But the price to be paid is the outbreak of social conflict in these zones: the proletarians have taken to the streets with considerable force, leading other groups in their train (part-time teachers, transport workers, etc..), directly attacking the profits of the capitalists by blocking roads and mineheads. On many occasions the Security Forces which have recently been more accustomed to bludgeoning students than to real clashes, have been trounced trying to stop the mobilizations of  the miners.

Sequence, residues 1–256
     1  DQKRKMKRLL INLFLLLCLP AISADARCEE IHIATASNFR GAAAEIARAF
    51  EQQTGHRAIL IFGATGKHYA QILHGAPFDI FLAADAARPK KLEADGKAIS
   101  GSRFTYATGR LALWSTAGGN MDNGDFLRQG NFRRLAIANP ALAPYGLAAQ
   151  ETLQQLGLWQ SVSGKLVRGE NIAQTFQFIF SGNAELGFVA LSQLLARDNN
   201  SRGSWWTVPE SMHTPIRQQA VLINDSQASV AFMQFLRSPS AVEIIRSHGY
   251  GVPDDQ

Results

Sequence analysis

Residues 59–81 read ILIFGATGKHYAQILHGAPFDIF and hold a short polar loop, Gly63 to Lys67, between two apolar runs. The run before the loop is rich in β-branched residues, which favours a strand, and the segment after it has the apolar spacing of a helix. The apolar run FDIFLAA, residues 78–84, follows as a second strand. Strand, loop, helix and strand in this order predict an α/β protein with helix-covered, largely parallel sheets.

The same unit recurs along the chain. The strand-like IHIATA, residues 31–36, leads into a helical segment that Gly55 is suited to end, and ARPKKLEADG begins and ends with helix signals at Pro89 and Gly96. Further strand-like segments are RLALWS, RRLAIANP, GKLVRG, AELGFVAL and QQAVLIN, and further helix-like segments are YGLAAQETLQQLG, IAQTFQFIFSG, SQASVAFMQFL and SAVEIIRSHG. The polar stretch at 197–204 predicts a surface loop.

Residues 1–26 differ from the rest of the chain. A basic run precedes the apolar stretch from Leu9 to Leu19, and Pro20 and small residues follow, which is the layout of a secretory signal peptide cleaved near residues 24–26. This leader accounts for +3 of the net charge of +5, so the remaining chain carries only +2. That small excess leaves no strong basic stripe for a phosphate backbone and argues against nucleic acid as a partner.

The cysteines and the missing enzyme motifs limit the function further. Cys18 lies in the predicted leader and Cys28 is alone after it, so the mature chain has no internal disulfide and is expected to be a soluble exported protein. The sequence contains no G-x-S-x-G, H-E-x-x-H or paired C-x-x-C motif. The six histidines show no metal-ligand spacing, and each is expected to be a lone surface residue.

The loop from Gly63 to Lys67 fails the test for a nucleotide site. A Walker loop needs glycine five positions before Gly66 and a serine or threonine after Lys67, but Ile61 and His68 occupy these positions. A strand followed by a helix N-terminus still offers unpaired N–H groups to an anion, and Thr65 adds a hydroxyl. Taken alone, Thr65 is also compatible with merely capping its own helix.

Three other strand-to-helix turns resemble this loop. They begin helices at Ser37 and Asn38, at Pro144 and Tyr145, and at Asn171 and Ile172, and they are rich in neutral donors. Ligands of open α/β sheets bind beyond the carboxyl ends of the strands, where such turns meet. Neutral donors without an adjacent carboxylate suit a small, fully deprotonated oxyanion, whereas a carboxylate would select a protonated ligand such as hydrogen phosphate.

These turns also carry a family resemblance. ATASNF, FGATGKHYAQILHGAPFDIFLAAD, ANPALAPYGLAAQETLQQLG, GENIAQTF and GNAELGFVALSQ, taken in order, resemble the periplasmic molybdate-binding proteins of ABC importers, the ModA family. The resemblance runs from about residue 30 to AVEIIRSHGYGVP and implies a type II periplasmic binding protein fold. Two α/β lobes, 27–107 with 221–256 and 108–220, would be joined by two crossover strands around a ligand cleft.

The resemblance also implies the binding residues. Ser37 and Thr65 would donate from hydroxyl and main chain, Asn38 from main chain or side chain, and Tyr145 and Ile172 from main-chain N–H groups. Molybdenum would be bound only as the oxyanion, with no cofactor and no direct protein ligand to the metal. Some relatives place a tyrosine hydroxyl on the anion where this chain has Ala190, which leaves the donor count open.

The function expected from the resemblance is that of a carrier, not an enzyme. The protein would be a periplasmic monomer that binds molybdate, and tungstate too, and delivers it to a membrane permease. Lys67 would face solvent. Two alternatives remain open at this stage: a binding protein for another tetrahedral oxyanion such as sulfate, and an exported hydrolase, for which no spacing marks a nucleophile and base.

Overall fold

But to take on that price, the bourgeoisie can count on very powerful allies who they find in the ranks of the proletariat in struggle. The major (and lesser) yellow unions that control the mining regions (the Asturias which are one of the Spanish regions with higher rates of unionization, are the bastion of the UGT – the trade union linked to the “Socialist” Party – and its local subsidiaries, SOMA and FIA, and similarly the CC.OO – the union formerly associated with the Stalinist PCE) work to bind the demands of the mine workers to a species of regional or national  “common good” that would include in the first place the capitalists proprietors of the mines and the local bourgeoisie. According to this orientation proletarians should fight, not for their wages or even for their jobs, but for the defence of the mining industry, for the defence of State subsidies to these industries and for the industrial future of the region. In short, they should fight for their exploitation, for this exploitation which yesterday forced them to die deep underground and which today throws them into unemployment and poverty. The forces of political and trade union opportunism, particularly strong in these areas of high industrial concentration, always seek solidarity between the classes, submission of the proletarian interests to the so-called superior interests of the country, to the necessities of the economy...